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  Industrial hemp making a comeback

By Tom Van Dusen - AgriNews Staff Writer

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  • It's baaaaack! Industrial hemp, that is, the ancient crop which many conventional farmers love to snicker at has returned to Eastern Ontario.

    It's pretty easy to poke fun considering hemp's close association with marijuana. It's actually the same plant minus significant levels of the hallucinogen THC. Under Health Canada regulations, hemp and its parts may not contain more than .3 per cent THC.

    Banned in North America in the 1930s, Canada reintroduced controlled production, sale, movement, processing, exporting and importing of certain varieties in 1998.

    Re-introduction caused a flurry of interest in growing and selling hemp in this country, but primarily as fibre, OMAFRA expert Gordon Scheifele told information sessions at Douglas and Galetta Jan. 31 and Feb. 1.

    The meetings attracted 75 farmers potentially interested in trying out the crop on contract this season for Valley Bio Ltd. which grew and marketed 245 acres of food grade hemp last year.

    Scheifele said the market wasn't there 12 years ago. Now hemp is coming back, but almost exclusively on the food oil and meal processing side. Calling hemp "the most incredible plant God created," he insisted hemp's latest comeback in Ontario and across Canada is for real.

    "This isn't fly-by-night or boom-or-bust. The market still isn't huge, but hemp is here to stay."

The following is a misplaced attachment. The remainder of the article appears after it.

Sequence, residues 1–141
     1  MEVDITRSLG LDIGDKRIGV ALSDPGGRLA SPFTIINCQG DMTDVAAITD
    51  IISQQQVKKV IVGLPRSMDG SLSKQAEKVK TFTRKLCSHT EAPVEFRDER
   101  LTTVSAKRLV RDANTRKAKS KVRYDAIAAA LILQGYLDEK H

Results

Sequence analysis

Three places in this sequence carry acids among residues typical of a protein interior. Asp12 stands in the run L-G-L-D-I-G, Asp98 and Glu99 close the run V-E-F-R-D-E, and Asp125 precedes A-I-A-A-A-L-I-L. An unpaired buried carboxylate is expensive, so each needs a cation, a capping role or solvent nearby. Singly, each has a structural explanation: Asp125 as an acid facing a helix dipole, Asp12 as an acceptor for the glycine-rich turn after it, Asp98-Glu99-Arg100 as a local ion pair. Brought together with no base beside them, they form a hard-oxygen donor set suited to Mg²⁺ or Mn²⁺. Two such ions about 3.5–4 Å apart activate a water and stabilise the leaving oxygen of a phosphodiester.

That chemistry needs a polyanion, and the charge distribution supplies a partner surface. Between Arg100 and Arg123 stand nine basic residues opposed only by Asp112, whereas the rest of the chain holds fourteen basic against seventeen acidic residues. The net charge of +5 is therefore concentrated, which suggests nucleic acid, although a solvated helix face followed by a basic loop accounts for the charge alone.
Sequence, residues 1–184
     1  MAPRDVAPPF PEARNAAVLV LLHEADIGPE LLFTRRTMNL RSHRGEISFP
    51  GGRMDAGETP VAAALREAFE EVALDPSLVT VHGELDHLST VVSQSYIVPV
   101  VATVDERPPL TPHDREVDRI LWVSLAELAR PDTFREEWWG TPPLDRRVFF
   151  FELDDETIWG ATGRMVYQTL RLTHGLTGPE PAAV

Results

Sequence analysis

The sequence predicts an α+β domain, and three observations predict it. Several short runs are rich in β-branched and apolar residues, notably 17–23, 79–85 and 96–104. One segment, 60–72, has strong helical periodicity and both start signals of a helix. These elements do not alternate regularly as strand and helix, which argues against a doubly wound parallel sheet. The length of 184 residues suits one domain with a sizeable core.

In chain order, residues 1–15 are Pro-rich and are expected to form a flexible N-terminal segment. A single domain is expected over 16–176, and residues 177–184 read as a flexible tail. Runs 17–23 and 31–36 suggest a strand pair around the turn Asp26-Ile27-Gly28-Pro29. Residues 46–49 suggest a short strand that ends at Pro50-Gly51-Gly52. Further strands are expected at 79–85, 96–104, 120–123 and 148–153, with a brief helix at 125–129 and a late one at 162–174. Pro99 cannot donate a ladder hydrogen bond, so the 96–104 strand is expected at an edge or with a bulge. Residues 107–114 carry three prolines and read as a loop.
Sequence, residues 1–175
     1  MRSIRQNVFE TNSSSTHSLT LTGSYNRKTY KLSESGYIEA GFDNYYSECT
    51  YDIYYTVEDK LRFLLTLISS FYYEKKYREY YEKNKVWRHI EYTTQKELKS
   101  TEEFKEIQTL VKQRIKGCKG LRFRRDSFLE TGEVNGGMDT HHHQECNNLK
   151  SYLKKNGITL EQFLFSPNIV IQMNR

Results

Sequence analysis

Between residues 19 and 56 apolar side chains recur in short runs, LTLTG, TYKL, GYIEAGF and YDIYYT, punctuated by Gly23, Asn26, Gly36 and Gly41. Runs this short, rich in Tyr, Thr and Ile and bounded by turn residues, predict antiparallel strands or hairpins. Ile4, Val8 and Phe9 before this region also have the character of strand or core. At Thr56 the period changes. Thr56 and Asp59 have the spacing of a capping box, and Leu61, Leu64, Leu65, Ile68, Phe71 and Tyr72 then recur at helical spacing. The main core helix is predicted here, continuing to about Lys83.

At one time, the expert noted, it was more valuable than gold, providing man with food, clothing, ropes and sails. Today, it can't be grown without a criminal record check and a license from Health Canada.

    A separate license must be obtained for each 10-acre plantation, and GPS coordinates must be provided to Health Canada's Office of Controlled Substances. Growers must also arrange for crop tissue sampling and laboratory THC analysis at their expense.

    Growing any variety of the plant remains prohibited in the U.S., opening the door to the biggest market for Canadian hemp products.

    Scheifele was on hand to back the pitch of young agricultural entrepreneur Reuben Stone who launched Valley Bio to tap into the food grade market.

    Stone is trying to sign up Eastern Ontario growers on a contract basis this season to help him cover at least 1,200 acres with Anka variety hemp which will be sold to food processor Manitoba Harvest which bought all of Valley Bio's production last year.

    On hand for the meetings, Manitoba Harvest's Tom Greaves described a "big spike" in food grade hemp demand; Greaves made it clear his company will accept any extra Eastern Ontario raw product this year.

    While he was thrilled with the turnout, Stone said he's likely to only sign up as hemp producers a small percentage of the farmers who attended.

    Big operators geared to corn now receiving $205 a tonne probably won't shift gears to grow a few acres of hemp. While hemp pays $1210 a tonne, much lower yield and much higher expenses bring its net return down to $173 per acre on small fields, compared to $138 for corn on vast acreage. Stone expects any interest to come from smaller niche farmers.

    Also part of Eastern Ontario's renewed hemp movement is Marc Bercier of St. Isidore who's been dabbling in the crop for several years and who will do most of the crop drying this year for Valley Bio.

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